Competing in pageants, Emily was a confident performer onstage. However, that confidence wavered while attending her Keyport, NJ, school.
Emily was an intelligent third grader, but her struggle with dyslexia made her feel frustrated and inferior. While she easily understood most lessons in her regular education classes, she could not read well enough to keep up in English language arts. She dreaded the weekly spelling tests on Fridays most of all. Attempts to help her study at home resulted in tears.
“I remember her being very young, telling me that she couldn’t read and she was stupid,” recalled Emily’s mother, Nicki.
Determined to ensure that her daughter had every resource she needed to succeed, Nicki was deeply involved in Emily’s education. “I think the biggest thing for parents is they have to advocate for their child, but they have to educate themselves,” she said.
Nicki took Emily to a neurologist for testing, which revealed a diagnosis of severe dyslexia. The motivated mom researched dyslexia and effective ways to approach instruction in preparation for meeting with school administrators. As a result, she was ready to work with those administrators to create an individualized education program (IEP) that would help her daughter.
Despite having excellent oral comprehension skills and a large vocabulary, Emily showed learning gaps in decoding, encoding, and fluency. Her reading skills were about two grade levels behind when she met Wilson® Certified Teacher Tamme Manganelli.
“Emily’s self-esteem was terrible, which was part of why her mom was so concerned,” Tamme explained. “She was a very popular girl who was competing in pageants, which can be a lot of pressure. I think not being able to read was an additional stressor.”
“Nicki is a fantastic advocate for her children,” Tamme added. “She knew the stats. If a student gets beyond third grade, it’s difficult to close learning gaps.”
“Some parents are nervous about stigma, but the more we do now, the better the long term is going to be,” Nicki said. “The most important thing I tell my children is that we are never going to be ashamed. What makes us different, makes us special.”
Advocating for her daughter sometimes meant asking that the school district do a technology assessment and bring in an outside agency to determine the best assistive technologies. Sometimes it involved waiting to sign an IEP until she felt the documentation sufficiently addressed Emily’s needs. It also required requesting that teachers use a science-based reading and spelling curriculum designed for students with dyslexia, such as Wilson Reading System® (WRS).
“Emily’s mom was somebody who kept it real for us. She was vocal, a parent who would go around to other parents and tell them to ask for Wilson,” Tamme said.
When Nicki met with school administrators, her goal was to arrive at the best possible solutions. “I tried to be as unemotional as possible. When I went in there, I went in as if it were a business situation instead of an emotional situation.”
Nicki also kept in mind that administrators weren’t refusing to help her daughter; they simply weren’t aware of some of the resources that she was aware of—resources that could help Emily. She did her research and presented it to the administrators.
“Nicki really fought to get her daughter the right to special education,” Tamme said. “She did her homework, and she knew about WRS. She made it clear that WRS was what she wanted for her daughter.”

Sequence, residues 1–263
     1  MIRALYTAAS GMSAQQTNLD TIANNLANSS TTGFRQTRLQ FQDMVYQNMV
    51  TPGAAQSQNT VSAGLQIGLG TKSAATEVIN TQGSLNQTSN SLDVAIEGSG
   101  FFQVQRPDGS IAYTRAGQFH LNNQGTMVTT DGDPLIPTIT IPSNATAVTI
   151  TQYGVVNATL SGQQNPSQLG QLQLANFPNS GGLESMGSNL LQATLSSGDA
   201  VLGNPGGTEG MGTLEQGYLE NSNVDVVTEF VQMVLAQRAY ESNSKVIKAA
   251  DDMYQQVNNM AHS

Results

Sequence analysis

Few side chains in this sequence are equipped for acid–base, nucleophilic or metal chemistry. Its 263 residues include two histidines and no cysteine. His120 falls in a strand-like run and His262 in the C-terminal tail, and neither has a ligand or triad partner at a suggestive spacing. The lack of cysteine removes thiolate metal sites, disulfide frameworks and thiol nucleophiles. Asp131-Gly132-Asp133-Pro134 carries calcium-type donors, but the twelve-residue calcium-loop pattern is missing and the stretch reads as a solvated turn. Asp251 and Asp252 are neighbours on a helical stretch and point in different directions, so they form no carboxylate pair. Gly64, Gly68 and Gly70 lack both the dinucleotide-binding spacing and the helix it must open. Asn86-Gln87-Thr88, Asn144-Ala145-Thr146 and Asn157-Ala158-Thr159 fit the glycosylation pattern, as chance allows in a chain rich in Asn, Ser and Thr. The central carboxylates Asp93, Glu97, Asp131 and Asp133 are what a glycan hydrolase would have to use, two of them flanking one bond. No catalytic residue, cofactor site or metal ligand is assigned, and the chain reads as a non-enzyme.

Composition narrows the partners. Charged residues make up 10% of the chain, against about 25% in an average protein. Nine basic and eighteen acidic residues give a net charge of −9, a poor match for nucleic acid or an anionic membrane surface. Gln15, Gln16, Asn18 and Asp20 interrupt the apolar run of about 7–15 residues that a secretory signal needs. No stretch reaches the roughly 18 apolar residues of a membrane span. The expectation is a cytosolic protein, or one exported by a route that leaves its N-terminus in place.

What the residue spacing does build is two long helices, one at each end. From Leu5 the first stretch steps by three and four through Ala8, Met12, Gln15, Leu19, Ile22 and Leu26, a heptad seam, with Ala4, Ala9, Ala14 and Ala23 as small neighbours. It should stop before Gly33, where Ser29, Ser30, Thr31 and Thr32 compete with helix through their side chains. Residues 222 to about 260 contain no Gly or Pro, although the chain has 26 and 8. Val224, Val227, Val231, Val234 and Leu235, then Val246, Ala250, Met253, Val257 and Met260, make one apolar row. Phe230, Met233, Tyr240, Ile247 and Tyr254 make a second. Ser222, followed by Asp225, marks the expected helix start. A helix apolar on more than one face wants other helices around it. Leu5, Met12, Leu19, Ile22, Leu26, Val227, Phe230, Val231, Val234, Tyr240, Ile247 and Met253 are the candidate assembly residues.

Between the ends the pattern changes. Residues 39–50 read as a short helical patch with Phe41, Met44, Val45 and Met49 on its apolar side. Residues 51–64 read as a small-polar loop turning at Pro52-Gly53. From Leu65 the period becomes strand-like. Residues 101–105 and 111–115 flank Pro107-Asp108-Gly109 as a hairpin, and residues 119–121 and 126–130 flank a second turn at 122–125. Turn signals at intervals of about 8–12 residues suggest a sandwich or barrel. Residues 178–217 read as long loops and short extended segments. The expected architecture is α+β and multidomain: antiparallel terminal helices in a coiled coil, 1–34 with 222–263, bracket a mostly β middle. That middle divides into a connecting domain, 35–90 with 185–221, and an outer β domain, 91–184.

Since 1995, Tamme has maintained WRS Level I Certification. One other teacher in the school had the same credential. With only two teachers to meet the needs of the whole school, students rotated through WRS instruction. Once Emily was classified as needing Tier 3 reading intervention, she was given one-on-one Wilson instruction with Tamme for 80 minutes per day, five days a week.
With Tamme’s guidance and WRS instruction, Emily’s reading and spelling began improving immediately, which boosted her confidence at school. “I only got to teach her for one year,” Tamme said. “She made such a monstrous amount of growth in that year that she was thrilled.”
Emily continued receiving Wilson instruction through the school’s resource center. She no longer had a reason to fear spelling tests; she stopped calling herself unpleasant names. Instead, Emily learned to say, “I’m not stupid, and I can read. I just learn differently.”
The rest of Emily’s school years were a sparkling success. She was invited to join the National Junior Honor Society, a student leadership program that requires good grades, community service, and citizenship. “In her mind, she was on a level playing field with her classmates,” Nicki said. “That was a big win.”
Emily is now a sophomore attending West Virginia University. College presents challenges of its own, but Emily knows that nothing can dull her shine. Following her mother’s example, Emily spoke with her advisors and professors and learned how to access the services she needs for continued success.
“There have been hiccups,” Nicki said, “She’s had to learn how to advocate for herself and navigate on her own because I’m not there.”
Nicki’s advocacy, combined with that of other parents, has continued to benefit other struggling readers (including one of Emily’s siblings) at the school. Over time, the school expanded WRS instruction and established after-school courses. This past year, it offered summer courses in WRS and Fundations Ready to Rise®. It also expanded its intervention team and is now implementing WRS, Just Words®, and Fundations®.
Thanks to a mother’s advocacy and her child’s success, other children’s lives continue to improve as their school is prepared to help everyone learn to read.
Congratulations to Emily—and best of luck as you continue to shine in college!